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Peter Carl Faberge

Peter Carl Faberge was a world famous master jeweler and head of the ‘House of Faberge’ in Imperial Russia in the waning days of the Russian Empire.

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RUSSIAN FEDERATION, GLUBOKY : Russian policemen look at the wreckage of the Tupolev 154 passenger jet which crashed near Gluboky, a village some 140 km outside Rostov on Don (AFP Photo / Tatyana Makeyeva) RUSSIAN FEDERATION, GLUBOKY : Russian policemen look at the wreckage of the Tupolev 154 passenger jet which crashed near Gluboky, a village some 140 km outside Rostov on Don (AFP Photo / Tatyana Makeyeva)

24 August

On August 24, 2004 two Russian domestic passenger airplanes crashed within minutes of each other, after explosions were set off on board by two female Chechen terrorists.

Both planes had taken off from the Domodedovo Airport in Moscow about one hour apart. The first jet belonged to Siberian Airlines, and carried 46 passengers heading to the Black Sea resort city of Sochi. The other was a Volga-AviaExpress plane with 44 people flying to the southern city of Volgograd. All 90 people, passengers and crew members aboard the aircrafts were killed.

A subsequent investigation by the FSB (Federal Security Service) identified two Chechen women with passports under the names of Amanat Nagieva and Satsita Dzhebirkhanova, both from Grozny, as the perpetrators of the terrorist attacks. It was suspected they were recruited by Chechen militants, who supplied them with the bombs.

However, it is still not known how the explosive devices made their way on board the planes. The investigators never officially confirmed that Dzhebirkhanova and Nagieva were suicide bombers and detonated the bombs themselves. The simultaneousness of the explosions suggested that the bombs might have had a timing mechanism.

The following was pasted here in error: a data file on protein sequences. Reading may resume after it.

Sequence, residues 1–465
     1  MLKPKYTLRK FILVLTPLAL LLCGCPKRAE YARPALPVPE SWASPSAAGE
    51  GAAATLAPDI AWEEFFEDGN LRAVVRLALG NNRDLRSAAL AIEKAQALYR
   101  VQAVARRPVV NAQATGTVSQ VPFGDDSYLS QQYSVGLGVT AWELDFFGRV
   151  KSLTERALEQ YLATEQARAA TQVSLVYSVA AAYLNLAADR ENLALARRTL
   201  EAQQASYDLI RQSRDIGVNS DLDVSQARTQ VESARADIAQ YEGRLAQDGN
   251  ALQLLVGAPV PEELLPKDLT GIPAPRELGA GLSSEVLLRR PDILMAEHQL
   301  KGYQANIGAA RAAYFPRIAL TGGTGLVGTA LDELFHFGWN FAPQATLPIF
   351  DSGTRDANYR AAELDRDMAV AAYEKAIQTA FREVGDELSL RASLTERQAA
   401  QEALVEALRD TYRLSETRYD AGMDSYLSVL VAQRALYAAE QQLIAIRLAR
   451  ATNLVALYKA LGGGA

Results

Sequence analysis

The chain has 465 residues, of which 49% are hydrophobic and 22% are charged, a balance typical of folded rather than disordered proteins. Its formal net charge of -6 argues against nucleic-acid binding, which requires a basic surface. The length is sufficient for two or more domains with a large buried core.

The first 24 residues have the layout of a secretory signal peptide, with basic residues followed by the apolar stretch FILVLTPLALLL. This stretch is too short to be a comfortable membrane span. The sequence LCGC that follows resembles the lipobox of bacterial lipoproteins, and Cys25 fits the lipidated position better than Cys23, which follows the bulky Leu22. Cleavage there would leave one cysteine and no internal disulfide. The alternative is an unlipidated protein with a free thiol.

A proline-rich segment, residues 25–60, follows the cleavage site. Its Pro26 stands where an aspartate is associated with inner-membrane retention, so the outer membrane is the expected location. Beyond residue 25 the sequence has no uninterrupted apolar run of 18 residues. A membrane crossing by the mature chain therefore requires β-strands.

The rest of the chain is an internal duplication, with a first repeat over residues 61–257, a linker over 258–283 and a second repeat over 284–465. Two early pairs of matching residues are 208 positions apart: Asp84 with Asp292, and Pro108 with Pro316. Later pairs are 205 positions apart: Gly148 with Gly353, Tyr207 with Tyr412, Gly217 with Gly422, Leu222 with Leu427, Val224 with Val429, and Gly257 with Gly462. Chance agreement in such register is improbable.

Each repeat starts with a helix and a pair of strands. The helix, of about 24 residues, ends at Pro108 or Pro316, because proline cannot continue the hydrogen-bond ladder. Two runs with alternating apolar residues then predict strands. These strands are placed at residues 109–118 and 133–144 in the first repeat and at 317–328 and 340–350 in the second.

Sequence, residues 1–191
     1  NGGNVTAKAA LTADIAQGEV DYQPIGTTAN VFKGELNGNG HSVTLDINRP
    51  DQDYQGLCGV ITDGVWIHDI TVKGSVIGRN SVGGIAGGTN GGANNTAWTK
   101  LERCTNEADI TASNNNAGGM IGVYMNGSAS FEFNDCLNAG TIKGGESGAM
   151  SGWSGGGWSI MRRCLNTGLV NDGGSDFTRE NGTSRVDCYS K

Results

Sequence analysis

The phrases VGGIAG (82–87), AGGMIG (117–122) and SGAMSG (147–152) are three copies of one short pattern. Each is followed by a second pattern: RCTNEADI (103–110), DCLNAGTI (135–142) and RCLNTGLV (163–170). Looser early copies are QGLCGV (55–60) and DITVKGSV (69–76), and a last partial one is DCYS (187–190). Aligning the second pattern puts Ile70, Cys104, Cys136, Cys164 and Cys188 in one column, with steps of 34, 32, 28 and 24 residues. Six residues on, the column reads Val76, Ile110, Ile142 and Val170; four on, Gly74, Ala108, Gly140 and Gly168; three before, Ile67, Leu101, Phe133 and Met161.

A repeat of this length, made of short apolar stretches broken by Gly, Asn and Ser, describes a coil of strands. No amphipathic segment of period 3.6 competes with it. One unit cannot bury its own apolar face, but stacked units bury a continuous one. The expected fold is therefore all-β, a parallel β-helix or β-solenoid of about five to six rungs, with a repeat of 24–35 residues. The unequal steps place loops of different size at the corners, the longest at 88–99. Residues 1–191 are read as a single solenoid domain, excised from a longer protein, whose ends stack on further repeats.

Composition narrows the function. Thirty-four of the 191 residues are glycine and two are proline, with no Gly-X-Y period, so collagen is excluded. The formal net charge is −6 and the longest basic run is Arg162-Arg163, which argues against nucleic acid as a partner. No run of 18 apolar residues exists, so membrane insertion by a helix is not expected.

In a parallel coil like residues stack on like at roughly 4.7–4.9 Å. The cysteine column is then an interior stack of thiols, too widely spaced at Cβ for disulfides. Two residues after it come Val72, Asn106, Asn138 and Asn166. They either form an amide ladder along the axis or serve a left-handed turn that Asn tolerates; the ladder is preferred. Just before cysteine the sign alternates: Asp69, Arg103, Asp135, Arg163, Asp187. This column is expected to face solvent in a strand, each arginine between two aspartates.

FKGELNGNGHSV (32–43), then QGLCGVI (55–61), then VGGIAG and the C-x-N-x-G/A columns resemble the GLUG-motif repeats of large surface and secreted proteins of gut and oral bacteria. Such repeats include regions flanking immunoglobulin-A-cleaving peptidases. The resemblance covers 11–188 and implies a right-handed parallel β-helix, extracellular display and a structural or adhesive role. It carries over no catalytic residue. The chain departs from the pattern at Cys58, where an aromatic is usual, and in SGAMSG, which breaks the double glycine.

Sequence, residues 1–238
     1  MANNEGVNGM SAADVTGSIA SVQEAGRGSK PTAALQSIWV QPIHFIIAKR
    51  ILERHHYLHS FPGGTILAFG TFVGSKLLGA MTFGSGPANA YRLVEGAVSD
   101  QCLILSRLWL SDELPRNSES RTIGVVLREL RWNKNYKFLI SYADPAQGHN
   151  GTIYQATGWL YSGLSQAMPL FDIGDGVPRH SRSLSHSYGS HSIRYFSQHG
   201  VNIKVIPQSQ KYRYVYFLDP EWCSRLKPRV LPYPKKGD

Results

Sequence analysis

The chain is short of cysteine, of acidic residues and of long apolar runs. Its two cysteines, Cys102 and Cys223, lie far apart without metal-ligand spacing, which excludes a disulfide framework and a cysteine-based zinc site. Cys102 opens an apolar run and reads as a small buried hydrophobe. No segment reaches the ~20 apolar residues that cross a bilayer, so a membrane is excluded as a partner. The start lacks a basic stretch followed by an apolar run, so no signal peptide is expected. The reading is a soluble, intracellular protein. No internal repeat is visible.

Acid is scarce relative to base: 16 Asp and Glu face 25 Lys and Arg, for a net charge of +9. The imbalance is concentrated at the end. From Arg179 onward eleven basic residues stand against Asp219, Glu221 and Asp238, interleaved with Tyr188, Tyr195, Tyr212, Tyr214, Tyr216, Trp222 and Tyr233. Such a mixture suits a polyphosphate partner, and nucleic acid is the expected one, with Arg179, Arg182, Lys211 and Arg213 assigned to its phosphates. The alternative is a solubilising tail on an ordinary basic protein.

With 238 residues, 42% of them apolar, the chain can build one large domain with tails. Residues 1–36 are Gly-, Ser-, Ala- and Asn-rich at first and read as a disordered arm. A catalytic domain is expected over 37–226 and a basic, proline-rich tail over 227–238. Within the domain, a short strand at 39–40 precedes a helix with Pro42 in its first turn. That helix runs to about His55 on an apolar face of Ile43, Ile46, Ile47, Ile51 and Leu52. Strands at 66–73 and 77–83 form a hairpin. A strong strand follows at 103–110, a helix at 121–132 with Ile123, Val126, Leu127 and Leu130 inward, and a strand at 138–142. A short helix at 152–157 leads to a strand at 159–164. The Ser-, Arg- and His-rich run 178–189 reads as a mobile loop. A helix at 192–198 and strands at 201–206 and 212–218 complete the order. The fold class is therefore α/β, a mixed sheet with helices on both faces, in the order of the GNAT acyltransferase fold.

Almost a year after the attacks, three people were charged in connection with the bombings. Police captain Mikhail Artamonov was accused of negligence and sentenced to seven years in prison in June 2005. Artamonov had detained the two women in the airports’ building prior to their flight, but later released them without properly inspecting them and their luggage. His sentence was later reduced to six years after an appeal to the court.

The second accused was ticket scalper Armen Arutyunyan, who had sold the plane tickets to both the women. He was sentenced to 18 months jail. Another man, a Siberian Airline employee, Nikolay Korenkov, had accepted a bribe of 1,000 rubles (around $30) and helped one of the women get on the flight after registration had ended. Korenkov was also sentenced to 18 months in prison.

Investigators stated that Chechen militant leaders Shamil Basaev and Abu Zaid were behind the bombings (both were subsequently killed, respectively in July 2006 and February 2005). After several years, the investigation was suspended, considering that both men connected to organizing the crime had been killed.

The bombings preceded other deadly attacks in Russia soon afterward. On August 31, a bomb detonated by a female suicide bomber killed 10 people at a Moscow metro station, and on September 1, 2004, the Beslan hostage siege began.